...If you can target the SM-6 ERAM effectively. Which is I think what you were saying. The web is anemic since each element is so expensive.

    Our collective focus on platforms over payloads leaves precious little in the kitty for anything other than the Tiffany platforms we're addicted to. For example, the JSF when it 'enters service' will be carrying heavy iron little different to the legacy munitions on legacy A/C. The AMRAAM from a subsonic launch will be outclassed in kinematics and probably in seeker tech. Most of the currently useful munitions for actual missions are forward firing - things like Hellfire, Brimstone, and now APKWS - plus foreign equivalents. Weapons that allow larger shot counts against real targets. Somewhere around 2022-ish the JSF might release SDB-II's gliding down at 300kts towards targets that will already be defended by competent point-defence SAM/AAA/APS systems.

    ...If they fit. If there is money left for payloads once JSF rapes the procurement budget.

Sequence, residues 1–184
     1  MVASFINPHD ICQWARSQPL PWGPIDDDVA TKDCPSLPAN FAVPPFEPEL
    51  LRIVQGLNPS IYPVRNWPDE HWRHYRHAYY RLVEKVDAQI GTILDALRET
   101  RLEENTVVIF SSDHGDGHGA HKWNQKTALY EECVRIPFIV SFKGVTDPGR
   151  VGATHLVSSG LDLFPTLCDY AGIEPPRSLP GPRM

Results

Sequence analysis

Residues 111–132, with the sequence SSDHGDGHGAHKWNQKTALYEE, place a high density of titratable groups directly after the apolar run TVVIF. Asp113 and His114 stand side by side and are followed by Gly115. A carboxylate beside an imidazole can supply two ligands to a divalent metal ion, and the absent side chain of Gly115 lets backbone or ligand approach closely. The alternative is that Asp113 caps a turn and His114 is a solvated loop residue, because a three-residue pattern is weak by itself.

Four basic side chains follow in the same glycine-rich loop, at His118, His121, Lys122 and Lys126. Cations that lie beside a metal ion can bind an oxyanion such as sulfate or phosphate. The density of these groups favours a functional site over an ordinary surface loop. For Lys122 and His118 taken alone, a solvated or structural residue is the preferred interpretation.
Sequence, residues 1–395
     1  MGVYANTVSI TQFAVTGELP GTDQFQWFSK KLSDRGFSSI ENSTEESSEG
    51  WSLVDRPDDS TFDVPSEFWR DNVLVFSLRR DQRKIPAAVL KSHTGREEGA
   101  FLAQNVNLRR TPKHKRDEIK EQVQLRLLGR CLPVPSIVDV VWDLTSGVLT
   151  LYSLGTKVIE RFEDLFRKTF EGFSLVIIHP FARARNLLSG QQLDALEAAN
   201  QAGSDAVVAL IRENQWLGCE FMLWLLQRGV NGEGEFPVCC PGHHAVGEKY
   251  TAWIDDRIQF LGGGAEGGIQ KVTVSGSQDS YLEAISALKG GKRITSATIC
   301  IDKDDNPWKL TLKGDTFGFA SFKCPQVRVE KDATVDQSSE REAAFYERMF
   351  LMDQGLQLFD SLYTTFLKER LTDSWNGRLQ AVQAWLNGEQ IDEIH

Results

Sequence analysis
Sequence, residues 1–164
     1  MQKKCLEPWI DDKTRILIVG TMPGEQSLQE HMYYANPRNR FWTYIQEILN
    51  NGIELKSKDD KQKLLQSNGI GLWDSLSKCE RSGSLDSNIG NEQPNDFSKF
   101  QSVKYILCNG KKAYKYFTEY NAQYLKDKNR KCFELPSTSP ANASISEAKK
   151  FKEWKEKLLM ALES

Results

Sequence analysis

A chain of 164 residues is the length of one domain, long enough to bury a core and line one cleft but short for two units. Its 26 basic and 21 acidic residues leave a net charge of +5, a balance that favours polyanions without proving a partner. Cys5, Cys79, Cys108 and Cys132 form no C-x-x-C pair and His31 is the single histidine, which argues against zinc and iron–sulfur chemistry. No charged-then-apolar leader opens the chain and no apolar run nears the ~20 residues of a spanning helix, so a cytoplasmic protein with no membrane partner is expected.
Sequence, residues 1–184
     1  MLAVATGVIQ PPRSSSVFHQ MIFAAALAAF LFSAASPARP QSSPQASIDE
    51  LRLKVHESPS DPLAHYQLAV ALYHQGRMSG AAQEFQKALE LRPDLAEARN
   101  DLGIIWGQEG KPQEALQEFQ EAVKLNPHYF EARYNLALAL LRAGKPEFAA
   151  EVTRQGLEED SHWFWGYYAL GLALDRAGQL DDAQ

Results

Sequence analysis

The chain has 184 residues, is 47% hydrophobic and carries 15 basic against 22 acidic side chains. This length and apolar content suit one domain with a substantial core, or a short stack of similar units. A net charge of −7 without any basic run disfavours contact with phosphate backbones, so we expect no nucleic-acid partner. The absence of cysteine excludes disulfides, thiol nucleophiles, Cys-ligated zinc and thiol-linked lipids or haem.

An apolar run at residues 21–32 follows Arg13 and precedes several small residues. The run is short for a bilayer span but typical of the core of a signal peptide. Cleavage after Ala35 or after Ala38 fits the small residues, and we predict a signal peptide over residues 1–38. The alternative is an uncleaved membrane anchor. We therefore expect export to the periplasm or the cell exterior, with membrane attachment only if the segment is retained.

Since the enemy has a vote, they are likely to focus on countering the handful of arrows and leave the 'stealth' archer to their long slow transit to and from homeplate.

    Divert a few Billion a year to actually field effective payloads (for starters JCM/JAGM/whatever it is called now) rather than buying more prototype JSFs. Divert a few Billion more to fill the magazines and bunkers with SLCM/ALCMs.

    No, Tomahawk isn't perfect but you can buy and fire off 100-200 per JSF you don't buy, and you can overwhelm an enemy in a way gravity bombs never will, not from a CVW. Ending production now would be insane. Ending it while waiting for the next promised Tiffany missile, LRASM (& LACM derivative so as to have 'commonality' and therefore 'save money') is equally insane.